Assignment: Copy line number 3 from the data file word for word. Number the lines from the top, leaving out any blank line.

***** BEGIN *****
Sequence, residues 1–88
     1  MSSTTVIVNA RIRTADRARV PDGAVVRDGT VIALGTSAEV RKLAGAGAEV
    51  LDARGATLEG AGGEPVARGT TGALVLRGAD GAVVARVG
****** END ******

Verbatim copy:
    51  LDARGATLEG AGGEPVARGT TGALVLRGAD GAVVARVG